Modeling of CNT based composites N. Chandra and C. Shet FAMU-FSU College of Engineering, Florida State University, Tallahassee, FL 32310. Answer: Currently NO!!!. Parallel model Upper Bound. Series model Lower Bound. Factors affecting interfacial properties. Asperities .
N. Chandra and C. Shet
FAMU-FSU College of Engineering, Florida State University, Tallahassee, FL 32310
Origin:Surface irregularities inherent in the interface
Issues: Affects interface fracture process through mechanical loading and friction
Approach: Incorporate roughness effects in the interface model; Study effect of generating surface roughness using: Sinusoidal functions and fractal approach; Use push-back test data and measured roughness profile of push-out fibers for the model.
Origin:Chemical reaction during thermal-mechanical Processing and service conditions, e.g. Aging, Coatings, Exposures at high temp..
Issues: Chemistry and architecture effects on mechanical properties.
Approach: Analyze the effect of size of reaction zone and chemical bond strength (e.g. SCS-6/Ti matrix and SCS-6/Ti matrix )
Origin:CTE mismatch between fiber and matrix.
Issues: Significantly affects the state of stress at interface and hence fracture process
Approach: Isolate the effects of residual stress state by plastic straining of specimen; and validate with numerical models.
Trans. & long.
H. Li and N. Chandra, International Journal of Plasticity, 19, 849-882, (2003).
Vinyl and Butyl
T=77K and 3000K
Stiffness increase is more for higher number of chemical attachments
Stiffness increase higher for longer chemical attachments
N. Chandra, S. Namilae, Physical Review B, 69 (9), 09141, (2004)
Onset of plastic deformation at lower strain. Reduced fracture strain
Fracture Behavior Different
S. Namilae, N. Chandra, Chemical Physics Letters, 387, 4-6, 247-252, (2004)
Interfacial shear measured as reaction force of fixed atoms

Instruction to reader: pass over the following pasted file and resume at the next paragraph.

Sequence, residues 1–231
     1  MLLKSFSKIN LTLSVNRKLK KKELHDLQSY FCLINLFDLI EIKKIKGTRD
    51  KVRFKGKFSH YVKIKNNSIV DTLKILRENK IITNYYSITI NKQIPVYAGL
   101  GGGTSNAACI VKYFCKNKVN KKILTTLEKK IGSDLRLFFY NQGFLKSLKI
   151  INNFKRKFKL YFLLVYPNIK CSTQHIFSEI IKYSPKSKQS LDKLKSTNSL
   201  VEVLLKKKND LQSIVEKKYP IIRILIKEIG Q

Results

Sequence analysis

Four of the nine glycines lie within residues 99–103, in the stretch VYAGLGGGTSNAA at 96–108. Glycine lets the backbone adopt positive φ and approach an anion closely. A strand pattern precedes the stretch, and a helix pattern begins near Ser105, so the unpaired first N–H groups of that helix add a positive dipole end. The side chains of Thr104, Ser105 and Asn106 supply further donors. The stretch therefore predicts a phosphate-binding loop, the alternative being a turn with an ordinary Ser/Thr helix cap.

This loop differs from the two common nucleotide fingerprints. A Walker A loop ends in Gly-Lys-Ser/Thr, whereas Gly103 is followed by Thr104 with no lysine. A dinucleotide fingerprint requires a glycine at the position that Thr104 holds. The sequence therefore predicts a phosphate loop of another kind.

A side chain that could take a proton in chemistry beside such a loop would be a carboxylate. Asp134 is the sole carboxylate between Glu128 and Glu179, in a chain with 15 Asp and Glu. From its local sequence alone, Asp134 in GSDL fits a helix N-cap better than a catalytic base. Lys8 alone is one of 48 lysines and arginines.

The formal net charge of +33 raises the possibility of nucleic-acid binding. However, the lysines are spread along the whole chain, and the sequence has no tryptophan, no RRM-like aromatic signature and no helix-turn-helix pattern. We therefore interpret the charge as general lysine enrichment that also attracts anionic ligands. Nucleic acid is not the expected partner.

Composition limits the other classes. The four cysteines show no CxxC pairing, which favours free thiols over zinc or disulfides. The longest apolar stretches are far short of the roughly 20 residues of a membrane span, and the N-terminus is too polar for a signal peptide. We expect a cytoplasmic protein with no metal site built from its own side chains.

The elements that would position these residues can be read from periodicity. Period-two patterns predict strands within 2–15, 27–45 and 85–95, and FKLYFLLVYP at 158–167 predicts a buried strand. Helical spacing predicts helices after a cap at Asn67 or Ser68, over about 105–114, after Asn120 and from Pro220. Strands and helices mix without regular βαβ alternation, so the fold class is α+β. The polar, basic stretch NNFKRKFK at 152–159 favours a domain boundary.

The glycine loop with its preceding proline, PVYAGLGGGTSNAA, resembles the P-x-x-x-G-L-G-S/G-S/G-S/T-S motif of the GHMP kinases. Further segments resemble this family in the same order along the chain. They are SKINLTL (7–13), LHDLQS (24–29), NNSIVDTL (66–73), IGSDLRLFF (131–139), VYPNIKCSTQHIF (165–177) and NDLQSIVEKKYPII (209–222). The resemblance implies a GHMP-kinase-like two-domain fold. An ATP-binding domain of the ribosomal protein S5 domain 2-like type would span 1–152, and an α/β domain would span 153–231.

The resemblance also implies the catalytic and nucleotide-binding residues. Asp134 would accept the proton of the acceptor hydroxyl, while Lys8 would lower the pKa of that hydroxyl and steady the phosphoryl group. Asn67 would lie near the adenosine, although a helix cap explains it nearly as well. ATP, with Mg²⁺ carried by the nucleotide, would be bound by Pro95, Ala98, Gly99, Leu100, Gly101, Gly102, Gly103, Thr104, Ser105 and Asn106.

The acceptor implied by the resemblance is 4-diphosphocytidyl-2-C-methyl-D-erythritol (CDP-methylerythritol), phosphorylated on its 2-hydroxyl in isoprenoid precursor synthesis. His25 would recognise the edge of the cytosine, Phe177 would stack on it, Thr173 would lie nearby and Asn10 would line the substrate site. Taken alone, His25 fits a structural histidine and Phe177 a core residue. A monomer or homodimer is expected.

Typical interface shear force pattern. Note zero force after
Failure (separation of chemical attachment)
Interfacial traction-displacement relationship are obtained using molecular dynamics simulation based on EAM functions
Interfaces are modeled as cohesive zones using a potential function
are work of normal and tangential separation
are normal and tangential displacement jump
The interfacial tractions are
1.X.P. Xu and A Needleman, Modelling Simul. Mater. Sci. Eng.I (1993) 111-132
2.N. Chandra and P.Dang, J of Mater. Sci., 34 (1999) 655-666
FailureDebonding and Rebonding of Interfaces
Cohesive Zone Model
N. Chandra et.al, Int. J. Solids Structures, 37, 461-484, (2002).
Fig. Shear lag model for aligned short fiber composites. (a) representative short fiber (b) unit cell for analysis
*Original model developed by
Cox  and Kelly 
Cox, H.L., J. Appl. Phys. 1952; Vol. 3: p. 72
Kelly, A., Strong Soilids, 2nd Ed., Oxford University Press, 1973, Chap. 5.
The governing DE
If the interface between fiber and matrix is represented by cohesive zone, then
Evaluating constants by using boundary conditions, stresses in fiber is given by
Variation of stress-strain response in the elastic limit with respect to parameter b
Comparison between Original and Modified Shear Lag Model
Fig. A typical traction-displacement curve used for interface between SiC fiber and 6061-Al matrix
Comparison with Experimental Result
The average stress in fiber and matrix far a applied strain e is given by
Then by rule of mixture the stress in
composites can be obtained as